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Italophile


Latest posts by Italophile

Chilli plants - keep or chuck and start again next year?

Posted: 01/10/2012 at 10:32

I discovered something by accident last season. Forgot to harvest some chillies as the cold weather descended. They ended up freeze-dried on the plants. I used them all through the winter.

Chilli plants - keep or chuck and start again next year?

Posted: 01/10/2012 at 06:59

Good advice. Chillies always take longer than toms to get to planting out stage.

Chilli plants - keep or chuck and start again next year?

Posted: 30/09/2012 at 15:28

Technically they're perennials, like toms, but most succumb either to weather or disease. Even if they're kept alive, the production usually drops.

Size of plant depends on variety, June. Your 10-inch plant sounds like a small bush variety. If you want a larger plant from seed, there are plenty around. Check out the seed packets at a garden centre.

Saving tom seeds...

Posted: 30/09/2012 at 07:41

I always bag the flowers on plants when I'm going to save seeds just to guarantee against cross-pollination. Once the fruit has set I remove the bag and tie some coloured thread to the fruit (or truss) to remind me it's for seed-saving. Sometimes I completely overlook the thread when harvesting and eat the dang things!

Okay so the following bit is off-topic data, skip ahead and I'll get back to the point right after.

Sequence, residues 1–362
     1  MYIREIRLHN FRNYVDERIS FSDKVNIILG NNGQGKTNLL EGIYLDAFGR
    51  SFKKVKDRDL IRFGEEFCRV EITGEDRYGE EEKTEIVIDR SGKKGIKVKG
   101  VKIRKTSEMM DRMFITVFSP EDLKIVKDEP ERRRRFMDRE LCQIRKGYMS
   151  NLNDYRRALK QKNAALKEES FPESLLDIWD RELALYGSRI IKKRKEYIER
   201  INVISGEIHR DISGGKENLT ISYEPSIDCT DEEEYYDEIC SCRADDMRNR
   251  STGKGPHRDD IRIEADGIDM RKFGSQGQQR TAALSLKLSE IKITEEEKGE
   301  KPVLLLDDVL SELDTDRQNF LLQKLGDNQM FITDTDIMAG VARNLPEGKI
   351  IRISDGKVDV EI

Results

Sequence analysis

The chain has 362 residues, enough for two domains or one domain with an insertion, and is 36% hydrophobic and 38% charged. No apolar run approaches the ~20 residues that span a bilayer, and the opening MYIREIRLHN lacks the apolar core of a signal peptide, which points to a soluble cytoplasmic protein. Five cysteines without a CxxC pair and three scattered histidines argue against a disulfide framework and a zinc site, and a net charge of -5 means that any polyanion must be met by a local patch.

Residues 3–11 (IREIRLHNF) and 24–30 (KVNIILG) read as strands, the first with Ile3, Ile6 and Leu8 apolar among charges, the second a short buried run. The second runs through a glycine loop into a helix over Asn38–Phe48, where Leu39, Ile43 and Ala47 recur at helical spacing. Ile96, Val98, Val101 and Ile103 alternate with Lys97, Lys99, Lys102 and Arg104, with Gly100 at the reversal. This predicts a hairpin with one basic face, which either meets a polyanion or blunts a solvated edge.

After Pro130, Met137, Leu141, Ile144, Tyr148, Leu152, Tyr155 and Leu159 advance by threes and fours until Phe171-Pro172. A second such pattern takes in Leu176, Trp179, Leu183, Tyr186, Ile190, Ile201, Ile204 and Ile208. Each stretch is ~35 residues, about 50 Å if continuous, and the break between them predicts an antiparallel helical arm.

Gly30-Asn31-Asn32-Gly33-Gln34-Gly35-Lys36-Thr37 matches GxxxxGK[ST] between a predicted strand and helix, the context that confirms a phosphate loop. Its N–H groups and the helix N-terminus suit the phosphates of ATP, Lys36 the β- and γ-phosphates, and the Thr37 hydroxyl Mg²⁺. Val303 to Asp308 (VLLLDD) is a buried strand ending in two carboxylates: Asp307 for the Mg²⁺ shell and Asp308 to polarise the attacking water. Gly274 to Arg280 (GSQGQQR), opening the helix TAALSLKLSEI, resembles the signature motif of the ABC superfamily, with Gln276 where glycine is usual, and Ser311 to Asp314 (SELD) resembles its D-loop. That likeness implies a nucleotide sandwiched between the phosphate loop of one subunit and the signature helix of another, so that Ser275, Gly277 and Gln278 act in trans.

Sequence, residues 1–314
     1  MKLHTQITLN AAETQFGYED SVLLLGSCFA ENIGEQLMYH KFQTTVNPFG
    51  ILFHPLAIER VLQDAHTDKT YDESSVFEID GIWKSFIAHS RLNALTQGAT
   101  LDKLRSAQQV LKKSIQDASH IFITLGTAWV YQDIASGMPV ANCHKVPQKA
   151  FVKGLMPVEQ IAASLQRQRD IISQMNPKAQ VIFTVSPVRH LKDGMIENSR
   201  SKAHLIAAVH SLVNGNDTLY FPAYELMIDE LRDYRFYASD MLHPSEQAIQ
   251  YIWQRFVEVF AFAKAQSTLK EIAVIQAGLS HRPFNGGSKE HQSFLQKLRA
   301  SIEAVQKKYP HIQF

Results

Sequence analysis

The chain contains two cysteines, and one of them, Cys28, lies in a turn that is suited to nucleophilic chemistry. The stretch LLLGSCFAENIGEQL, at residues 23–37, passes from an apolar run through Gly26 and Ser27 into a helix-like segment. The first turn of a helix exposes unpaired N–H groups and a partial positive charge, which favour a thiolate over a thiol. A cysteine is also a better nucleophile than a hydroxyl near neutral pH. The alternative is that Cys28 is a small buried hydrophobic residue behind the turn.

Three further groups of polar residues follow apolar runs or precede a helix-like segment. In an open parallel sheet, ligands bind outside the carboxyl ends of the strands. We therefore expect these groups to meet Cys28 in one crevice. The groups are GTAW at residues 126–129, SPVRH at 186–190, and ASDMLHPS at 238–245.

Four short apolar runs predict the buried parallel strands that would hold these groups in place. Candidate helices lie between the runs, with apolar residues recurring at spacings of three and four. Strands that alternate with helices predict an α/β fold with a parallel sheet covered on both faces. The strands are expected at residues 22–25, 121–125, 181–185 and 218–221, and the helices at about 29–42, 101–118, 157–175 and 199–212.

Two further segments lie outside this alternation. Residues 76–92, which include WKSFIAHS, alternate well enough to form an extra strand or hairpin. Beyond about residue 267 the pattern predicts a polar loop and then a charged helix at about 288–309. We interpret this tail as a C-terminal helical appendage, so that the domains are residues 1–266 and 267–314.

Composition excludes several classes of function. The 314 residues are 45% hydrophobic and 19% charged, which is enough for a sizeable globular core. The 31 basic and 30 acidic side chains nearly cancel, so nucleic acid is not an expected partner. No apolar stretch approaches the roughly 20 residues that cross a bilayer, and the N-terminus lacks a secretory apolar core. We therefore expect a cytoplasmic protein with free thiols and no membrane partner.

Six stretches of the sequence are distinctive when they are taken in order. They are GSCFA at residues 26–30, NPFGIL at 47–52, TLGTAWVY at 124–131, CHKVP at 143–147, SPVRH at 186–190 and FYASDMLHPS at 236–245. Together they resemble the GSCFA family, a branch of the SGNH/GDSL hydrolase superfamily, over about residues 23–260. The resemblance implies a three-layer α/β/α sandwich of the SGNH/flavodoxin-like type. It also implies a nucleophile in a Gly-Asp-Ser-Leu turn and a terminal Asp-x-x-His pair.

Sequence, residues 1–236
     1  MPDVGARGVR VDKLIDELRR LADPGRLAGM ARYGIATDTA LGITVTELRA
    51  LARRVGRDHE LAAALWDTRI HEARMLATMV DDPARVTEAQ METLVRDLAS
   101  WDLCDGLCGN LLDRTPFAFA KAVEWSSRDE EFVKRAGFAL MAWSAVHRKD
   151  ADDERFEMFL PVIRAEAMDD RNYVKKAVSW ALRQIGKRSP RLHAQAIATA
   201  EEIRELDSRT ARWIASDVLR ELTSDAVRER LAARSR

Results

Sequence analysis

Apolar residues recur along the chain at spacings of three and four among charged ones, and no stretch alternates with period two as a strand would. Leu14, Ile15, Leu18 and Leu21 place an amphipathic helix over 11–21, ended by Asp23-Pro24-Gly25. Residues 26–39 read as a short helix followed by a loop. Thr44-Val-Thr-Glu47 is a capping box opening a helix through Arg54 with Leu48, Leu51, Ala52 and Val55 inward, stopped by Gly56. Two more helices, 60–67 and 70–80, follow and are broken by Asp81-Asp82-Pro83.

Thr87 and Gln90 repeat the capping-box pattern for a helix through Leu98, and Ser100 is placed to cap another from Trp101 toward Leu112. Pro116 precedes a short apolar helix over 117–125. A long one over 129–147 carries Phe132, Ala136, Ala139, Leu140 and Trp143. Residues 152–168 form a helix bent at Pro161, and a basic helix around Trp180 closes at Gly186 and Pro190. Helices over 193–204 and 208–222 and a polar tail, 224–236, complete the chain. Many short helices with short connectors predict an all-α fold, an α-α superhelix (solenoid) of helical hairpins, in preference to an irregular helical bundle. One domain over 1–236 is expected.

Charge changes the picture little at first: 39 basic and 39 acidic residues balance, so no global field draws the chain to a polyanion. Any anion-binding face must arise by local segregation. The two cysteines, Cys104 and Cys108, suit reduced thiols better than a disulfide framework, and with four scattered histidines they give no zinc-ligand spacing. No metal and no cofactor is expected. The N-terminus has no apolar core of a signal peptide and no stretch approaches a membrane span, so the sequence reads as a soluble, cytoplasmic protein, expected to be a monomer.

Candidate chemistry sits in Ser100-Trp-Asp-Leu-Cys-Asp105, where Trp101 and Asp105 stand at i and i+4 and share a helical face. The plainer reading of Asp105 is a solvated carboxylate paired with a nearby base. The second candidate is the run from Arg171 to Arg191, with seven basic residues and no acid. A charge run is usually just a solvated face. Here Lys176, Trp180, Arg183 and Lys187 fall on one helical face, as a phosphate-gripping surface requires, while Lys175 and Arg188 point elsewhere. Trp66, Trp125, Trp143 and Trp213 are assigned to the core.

If GS had some fungus on the leaves it won't have impacted on the fruit or its seeds. The only real risk with saving seeds in terms of disease is perpetuating seed-borne disease. I doubt your GS suffered any such.

Anyway, it's always a good idea to ferment the seeds in the saving process. Some people just remove the seeds and dry them. Fermenting them does two important things: (1) the gooey seed gel, left in place, can inhibit germination and fermenting removes it quickly and easily; and (2) it kills off pathogens that might be lurking.

Saving tom seeds...

Posted: 29/09/2012 at 07:21

Ripe is best and easiest but you can, if need be, save viable seed from about the time the tom is changing from dark green to lighter green. A good test is to cut open a tom and have a look inside. If the seed has fully developed its gel coating, it's usually good to go.

 

 

Bay pests

Posted: 29/09/2012 at 06:47

Could be, Alina. The wispy white stuff said Mealybug to me. I see it on bays here.

Tomato Ripening

Posted: 28/09/2012 at 16:10

Inside with 'em.

Tomato Ripening

Posted: 28/09/2012 at 14:34

Could be grabbing the least ripe ones. You'll have seen the different shades of green on their way to ripening - starting dark, then ever so gradually lighter, before the colour starts to kick in.

17C as a day temp isn't bad, but the 8C overnight is slowing you down. Can you cover them at night? Pop them into a greenhouse? Alternatively, what are your temps like inside the house?

 

Bay pests

Posted: 28/09/2012 at 12:44

They sound like Mealybug. You can spray with a horticultural oil which will suffocate them. I usually clean them up by hand.

Tomato Ripening

Posted: 27/09/2012 at 17:29

Depends on the temperature, Barbara. Optimum temps for ripening are anything above low-20sC. The lower the temp below that, the longer they will take. If it's consistently warmer inside the house than outside - even in the greenhouse - you're better off taking them inside to ripen.

 

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